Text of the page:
Op-Ed: Baseball is back, but it was never really gone


The headlines tell us that baseball is back, that warm summer nights, mustard-covered hot dogs and life threats against umpires are back with us.

The thing is, there was never a chance they wouldn’t be.

Baseball bats, lockouts, industrial action – whatever you want to call it – are the most inappropriate things in sports next to soccer injuries. You would never not play. April was approaching. The money was held in trust in the fans’ pockets and in the bank accounts of the television stations. Owners could feign anger and players could plead poverty, but neither deserved our serious attention.

The best line that’s been written about these disputes—always written because every time there’s this type of baseball dispute, the same things are always written—is that it’s a “Millionaire vs. Billionaire Dispute.” .

This line should encourage us not to take sides because it is impossible to relate to both. The best response is to nod consciously and ignore the shouting. When it comes time for the games to start, they will. There will be some adjustments, some even worthy of note, like this year’s increase in playoff teams from 10 to 12 and the addition of the batsman-designate to the National League.

New stuff, mostly good stuff. Play ball.

Perhaps the next time the players and owners pretend to fight, the media could take a new tack: just ask them to roar when it’s over, then write the headline. The media is in the news business. “Baseball labor disputes” are less news than group insults from overstuffed businessmen and overindulged athletes. After all, this is the sport where many second basemen hit .240 and make $5 million.

There have been eight such disputes since the first baseball working soap opera in 1972. In six of the nine, including this year, no games were canceled. The only real damage was in 1994 when 938 games and the postseason were wiped out.

Baseball work situations have tended to create a cottage industry for the media. As reporters’ guaranteed days of laid-back spring training hanging out in Florida or Arizona get violated along with some great expense-report dinners, the temptation to write and broadcast outrage is hard to resist. Rarely is so much made from so little.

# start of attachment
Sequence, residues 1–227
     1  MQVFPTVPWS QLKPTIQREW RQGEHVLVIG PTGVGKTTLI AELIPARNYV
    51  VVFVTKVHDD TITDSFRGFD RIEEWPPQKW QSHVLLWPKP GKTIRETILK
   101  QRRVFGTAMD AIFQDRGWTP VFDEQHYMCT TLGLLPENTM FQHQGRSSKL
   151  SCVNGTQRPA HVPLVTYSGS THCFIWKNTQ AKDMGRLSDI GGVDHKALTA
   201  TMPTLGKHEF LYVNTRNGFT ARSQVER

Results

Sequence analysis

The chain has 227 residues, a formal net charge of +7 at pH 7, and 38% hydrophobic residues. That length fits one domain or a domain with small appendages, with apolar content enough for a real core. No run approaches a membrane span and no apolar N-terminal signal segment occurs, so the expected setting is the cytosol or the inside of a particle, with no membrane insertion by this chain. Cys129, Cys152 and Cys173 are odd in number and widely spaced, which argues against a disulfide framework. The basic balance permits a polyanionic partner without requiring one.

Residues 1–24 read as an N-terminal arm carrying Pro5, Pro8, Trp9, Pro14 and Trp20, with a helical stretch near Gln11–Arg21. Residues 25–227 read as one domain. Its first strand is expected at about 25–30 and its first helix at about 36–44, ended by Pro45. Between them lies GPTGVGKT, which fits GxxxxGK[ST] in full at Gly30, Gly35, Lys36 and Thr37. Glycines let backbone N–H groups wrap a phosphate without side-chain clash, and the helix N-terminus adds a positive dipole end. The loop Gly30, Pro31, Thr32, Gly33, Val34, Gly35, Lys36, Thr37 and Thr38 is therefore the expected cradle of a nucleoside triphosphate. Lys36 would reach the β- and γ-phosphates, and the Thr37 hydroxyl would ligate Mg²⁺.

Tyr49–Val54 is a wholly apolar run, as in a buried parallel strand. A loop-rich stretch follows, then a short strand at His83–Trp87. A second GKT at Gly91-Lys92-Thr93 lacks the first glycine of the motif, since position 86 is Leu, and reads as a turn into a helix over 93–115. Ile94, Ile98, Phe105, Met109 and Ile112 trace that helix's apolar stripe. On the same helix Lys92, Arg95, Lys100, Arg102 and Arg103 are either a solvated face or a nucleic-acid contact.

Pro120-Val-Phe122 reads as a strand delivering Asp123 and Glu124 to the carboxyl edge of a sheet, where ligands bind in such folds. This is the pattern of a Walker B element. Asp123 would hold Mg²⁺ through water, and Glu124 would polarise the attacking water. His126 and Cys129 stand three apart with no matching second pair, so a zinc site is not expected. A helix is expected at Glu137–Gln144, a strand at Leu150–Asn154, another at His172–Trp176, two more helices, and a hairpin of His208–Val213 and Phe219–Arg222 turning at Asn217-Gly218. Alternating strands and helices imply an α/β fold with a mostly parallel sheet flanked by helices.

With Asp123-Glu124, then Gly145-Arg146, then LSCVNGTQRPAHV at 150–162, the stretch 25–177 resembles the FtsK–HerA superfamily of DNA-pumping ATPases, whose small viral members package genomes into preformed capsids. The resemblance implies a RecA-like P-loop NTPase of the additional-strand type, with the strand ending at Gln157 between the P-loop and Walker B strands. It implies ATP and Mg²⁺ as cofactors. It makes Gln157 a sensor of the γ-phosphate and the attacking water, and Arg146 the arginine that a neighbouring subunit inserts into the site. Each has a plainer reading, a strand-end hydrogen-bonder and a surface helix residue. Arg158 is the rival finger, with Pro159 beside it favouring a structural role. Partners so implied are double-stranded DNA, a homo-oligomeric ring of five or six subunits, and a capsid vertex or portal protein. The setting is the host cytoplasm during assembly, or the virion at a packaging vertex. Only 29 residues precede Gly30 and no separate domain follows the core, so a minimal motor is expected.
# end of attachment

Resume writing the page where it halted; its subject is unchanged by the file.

A popular topic is the potential impact on baseball attendance. Headlines Screaming: Will This Labor Action Kill Baseball? Can a sport that was once considered America’s pastime survive? Will the fans rebel and leave multi-million dollar stadiums full of empty seats?

Ah no.

When multimillion-dollar stadiums sit empty, it’s because the teams suck, not because some attorneys got mad at each other in a baseball labor dispute.

Then there are the claims that action-packed NFL games are stealing the thunder from boring, slow-paced baseball. These stories, of course, fail to take into account that part of baseball’s appeal may lie in its slow rhythm, intriguing moments of fasts and what-would-have-been. Slow doesn’t automatically mean boring.

On comment pages and sad Facebook posts, we hear from lifelong fans getting poetic about how they went to their first game as 10-year-olds with their now-dead fathers, fell in love with the sport, but decided in 2022 never to watch it again because of greed in the game. Oh please. Greed isn’t unique to baseball.

Of course, the NFL is an exciting and fast-paced entertainment that’s hard to beat. But maybe we need a summer of baseball to calm down and catch our breath. Contrary to much that is written, the success of one does not automatically mean the failure of the other. There’s room for fans who love bat cracking and fans who love cracking skulls.

The dumb industrial action in baseball always seems like a quick chance to kick something when it’s down. Aside from not being down, baseball is just waking up grumpy from a long hibernation and recalibrating as usual.

As good and well-known a baseball commentator as there is today, none other than Buster Olney took a look at recent events and what was still on the negotiating table, and announced he could “raise storm clouds” over the game. see.

Not at the moment. Probably never. Like every year, hot dogs are ordered, beer is chilled and seats are cleaned. As Vin Scully used to say, “It’s time for Dodger baseball.”

Let’s make it all inclusive and just take out his fourth word.

Bill Dwyre is a former Times sports editor. Op-Ed: Baseball is back, but it was never really gone

Andrew Schnitker

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